U.S. Senate Intelligence Committee Approves Former Stoners to Join the CIA or NSA
The FBI recently started hiring people who have used cannabis in the past, and now the CIA and NSA may also allow former stoners to join their ranks.
Published on June 30, 2022

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Former cannabis users may soon be able to apply for jobs at the CIA or other federal intelligence agencies, thanks to new legislation advancing through the US Senate. 

The Senate Intelligence Committee just unanimously approved a measure that would prevent federal hiring agencies from discriminating against job applicants over former pot use. Under current regulations, officials automatically deny security clearances to any prospective hire who admits to having used cannabis in the past. Applicants who are unable to secure a federal security clearance are barred from working most jobs at the Central Intelligence Agency (CIA) or National Security Agency (NSA).

The new amendment, proposed by congressional cannabis champion Sen. Ron Wyden (D-OR), was attached to the 2023 Intelligence Authorization Act, the annual budget bill for federal intelligence agencies. This provision aims to prohibit the “denial of a security clearance to IC [intelligence community] personnel based solely on past use of cannabis.” In addition to the cannabis amendment, Wyden also added several additional amendments to protect IC whistleblowers and improve US cybersecurity.

“I applaud the committee for including my provisions, in particular an amendment ensuring that past cannabis use will not disqualify intelligence community applicants from serving their country,” Wyden said in a statement. “It’s a common-sense change to ensure the IC can recruit the most capable people possible.”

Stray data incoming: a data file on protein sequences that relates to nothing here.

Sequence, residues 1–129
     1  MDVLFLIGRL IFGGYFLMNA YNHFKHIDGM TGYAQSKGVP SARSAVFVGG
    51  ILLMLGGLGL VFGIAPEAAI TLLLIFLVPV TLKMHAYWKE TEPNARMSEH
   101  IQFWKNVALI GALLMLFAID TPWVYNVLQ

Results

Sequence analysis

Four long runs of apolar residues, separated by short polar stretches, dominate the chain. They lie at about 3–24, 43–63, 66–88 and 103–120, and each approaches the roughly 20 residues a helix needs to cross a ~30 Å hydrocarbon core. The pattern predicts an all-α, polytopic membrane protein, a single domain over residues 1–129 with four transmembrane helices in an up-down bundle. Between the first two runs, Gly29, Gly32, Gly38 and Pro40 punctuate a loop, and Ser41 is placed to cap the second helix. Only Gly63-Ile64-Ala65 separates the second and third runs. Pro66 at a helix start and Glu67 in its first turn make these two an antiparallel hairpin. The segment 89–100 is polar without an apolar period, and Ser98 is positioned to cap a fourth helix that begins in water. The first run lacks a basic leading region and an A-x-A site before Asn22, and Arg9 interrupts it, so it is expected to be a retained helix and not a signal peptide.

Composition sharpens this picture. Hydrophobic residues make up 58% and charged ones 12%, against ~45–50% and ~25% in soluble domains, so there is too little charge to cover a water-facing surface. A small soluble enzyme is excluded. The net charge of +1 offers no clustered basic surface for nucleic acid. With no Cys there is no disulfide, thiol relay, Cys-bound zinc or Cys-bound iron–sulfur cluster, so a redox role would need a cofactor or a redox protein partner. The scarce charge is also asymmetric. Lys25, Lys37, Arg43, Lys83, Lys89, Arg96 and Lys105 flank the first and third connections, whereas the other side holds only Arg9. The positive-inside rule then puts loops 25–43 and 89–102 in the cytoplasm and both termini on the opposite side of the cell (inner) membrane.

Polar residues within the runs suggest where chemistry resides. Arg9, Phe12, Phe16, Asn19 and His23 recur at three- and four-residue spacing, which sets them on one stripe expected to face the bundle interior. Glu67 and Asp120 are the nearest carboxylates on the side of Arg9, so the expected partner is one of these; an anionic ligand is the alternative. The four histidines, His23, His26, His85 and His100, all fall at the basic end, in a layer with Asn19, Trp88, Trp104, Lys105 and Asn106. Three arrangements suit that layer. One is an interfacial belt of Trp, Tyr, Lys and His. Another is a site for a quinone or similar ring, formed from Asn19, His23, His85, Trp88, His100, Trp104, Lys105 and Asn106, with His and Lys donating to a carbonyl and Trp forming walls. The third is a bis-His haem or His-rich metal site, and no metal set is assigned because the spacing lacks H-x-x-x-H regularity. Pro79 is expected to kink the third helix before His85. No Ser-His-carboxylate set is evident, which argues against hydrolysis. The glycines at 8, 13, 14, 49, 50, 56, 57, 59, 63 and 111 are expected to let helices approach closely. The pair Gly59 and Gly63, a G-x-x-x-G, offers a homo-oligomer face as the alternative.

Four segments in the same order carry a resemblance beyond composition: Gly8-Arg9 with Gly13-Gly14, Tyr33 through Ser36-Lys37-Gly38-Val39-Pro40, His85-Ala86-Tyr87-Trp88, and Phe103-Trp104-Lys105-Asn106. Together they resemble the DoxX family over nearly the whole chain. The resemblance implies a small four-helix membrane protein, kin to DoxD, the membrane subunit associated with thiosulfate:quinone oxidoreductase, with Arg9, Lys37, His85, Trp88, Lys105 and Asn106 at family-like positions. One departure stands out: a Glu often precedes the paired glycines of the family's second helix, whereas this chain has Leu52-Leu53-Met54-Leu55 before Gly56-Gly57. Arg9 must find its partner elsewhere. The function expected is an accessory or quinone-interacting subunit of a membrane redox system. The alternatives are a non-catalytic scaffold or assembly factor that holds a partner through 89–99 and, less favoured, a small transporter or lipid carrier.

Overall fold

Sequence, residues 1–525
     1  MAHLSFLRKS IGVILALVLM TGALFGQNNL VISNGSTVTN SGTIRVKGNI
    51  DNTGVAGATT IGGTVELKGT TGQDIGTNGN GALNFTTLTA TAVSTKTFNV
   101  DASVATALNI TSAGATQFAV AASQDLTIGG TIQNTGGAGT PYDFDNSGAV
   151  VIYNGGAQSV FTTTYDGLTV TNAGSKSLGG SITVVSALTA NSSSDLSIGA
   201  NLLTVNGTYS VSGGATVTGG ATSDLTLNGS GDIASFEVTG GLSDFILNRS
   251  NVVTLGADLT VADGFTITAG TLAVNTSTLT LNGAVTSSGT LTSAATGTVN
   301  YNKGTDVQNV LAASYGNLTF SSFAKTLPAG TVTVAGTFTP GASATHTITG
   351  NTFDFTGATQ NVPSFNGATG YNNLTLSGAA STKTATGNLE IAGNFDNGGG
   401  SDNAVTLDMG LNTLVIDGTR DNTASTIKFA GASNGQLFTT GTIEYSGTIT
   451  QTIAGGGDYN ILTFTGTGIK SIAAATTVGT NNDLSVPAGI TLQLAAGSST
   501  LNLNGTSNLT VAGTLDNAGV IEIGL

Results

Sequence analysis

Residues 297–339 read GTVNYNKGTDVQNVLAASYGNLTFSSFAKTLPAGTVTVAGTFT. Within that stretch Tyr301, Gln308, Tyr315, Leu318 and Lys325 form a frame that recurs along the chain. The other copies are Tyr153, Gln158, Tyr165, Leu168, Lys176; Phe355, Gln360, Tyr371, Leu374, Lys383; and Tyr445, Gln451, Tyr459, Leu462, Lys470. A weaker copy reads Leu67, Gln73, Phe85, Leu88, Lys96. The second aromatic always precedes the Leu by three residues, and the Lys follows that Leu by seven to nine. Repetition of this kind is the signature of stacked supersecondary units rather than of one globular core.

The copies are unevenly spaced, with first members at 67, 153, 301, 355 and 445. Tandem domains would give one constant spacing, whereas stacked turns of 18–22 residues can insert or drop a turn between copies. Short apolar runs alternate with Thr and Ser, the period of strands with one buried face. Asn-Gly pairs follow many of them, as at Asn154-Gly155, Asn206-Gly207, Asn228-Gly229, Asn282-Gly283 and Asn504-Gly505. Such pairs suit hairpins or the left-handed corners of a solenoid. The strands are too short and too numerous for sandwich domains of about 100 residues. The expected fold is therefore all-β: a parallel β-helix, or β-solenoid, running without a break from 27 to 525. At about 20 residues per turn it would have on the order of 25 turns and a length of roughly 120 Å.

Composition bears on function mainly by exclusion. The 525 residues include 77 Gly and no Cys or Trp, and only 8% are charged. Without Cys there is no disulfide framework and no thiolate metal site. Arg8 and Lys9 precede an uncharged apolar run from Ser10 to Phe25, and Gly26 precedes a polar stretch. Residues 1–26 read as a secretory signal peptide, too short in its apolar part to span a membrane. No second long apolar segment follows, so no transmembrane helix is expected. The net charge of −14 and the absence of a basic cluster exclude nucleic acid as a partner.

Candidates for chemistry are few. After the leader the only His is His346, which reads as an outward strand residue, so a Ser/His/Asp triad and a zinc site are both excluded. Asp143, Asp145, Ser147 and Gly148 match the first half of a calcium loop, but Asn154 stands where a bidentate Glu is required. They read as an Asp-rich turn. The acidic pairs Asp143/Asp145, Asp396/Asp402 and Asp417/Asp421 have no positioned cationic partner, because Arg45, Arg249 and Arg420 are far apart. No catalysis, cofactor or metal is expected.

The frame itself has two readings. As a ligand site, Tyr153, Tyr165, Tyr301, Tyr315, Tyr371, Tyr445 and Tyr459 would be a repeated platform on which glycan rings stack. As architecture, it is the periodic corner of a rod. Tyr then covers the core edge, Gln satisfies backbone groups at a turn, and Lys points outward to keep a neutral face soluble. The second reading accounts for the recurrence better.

The need to recruit highly-qualified candidates has also convinced the FBI to revise its extreme cannabis hiring policies. Last year, the bureau announced that they would be willing to hire people who had gotten blazed in the past, as long as they abstained for a full year prior to applying for the job. A few months later, the FBI revised the policy back again, adding an arbitrary cap that disqualifies people who have smoked weed more than 24 times in their lives.

Although the feds may finally be willing to accept former pot smokers, federal agencies require current employees to abstain from cannabis entirely. All federal employees must submit to pre-employment and random drug testing, and can be fired or disciplined if they test positive for THC. This zero-tolerance policy applies regardless of state adult-use or medical marijuana laws, and the feds will even deny jobs to anyone who invests in the cannabis industry.

The new cannabis hiring amendment does not change IC policies regarding current cannabis use, but Sen. Wyden has promised to “fight to ensure that ongoing cannabis use is not the basis for denying or losing a clearance.” The senator did not reveal further information about these plans, but he has co-authored a bill that would completely legalize cannabis at the federal level.

Wyden's amendments are now attached to the Intelligence Authorization Act, which must pass this year in order to fund intelligence agencies next year. Republicans will still have a chance at shooting down this amendment, but the unanimous support from the Intelligence Committee suggests that lawmakers may be willing to let this minor reform stand.

Chris Moore
Chris Moore is a New York-based writer who has written for Mass Appeal while also mixing records and producing electronic music.
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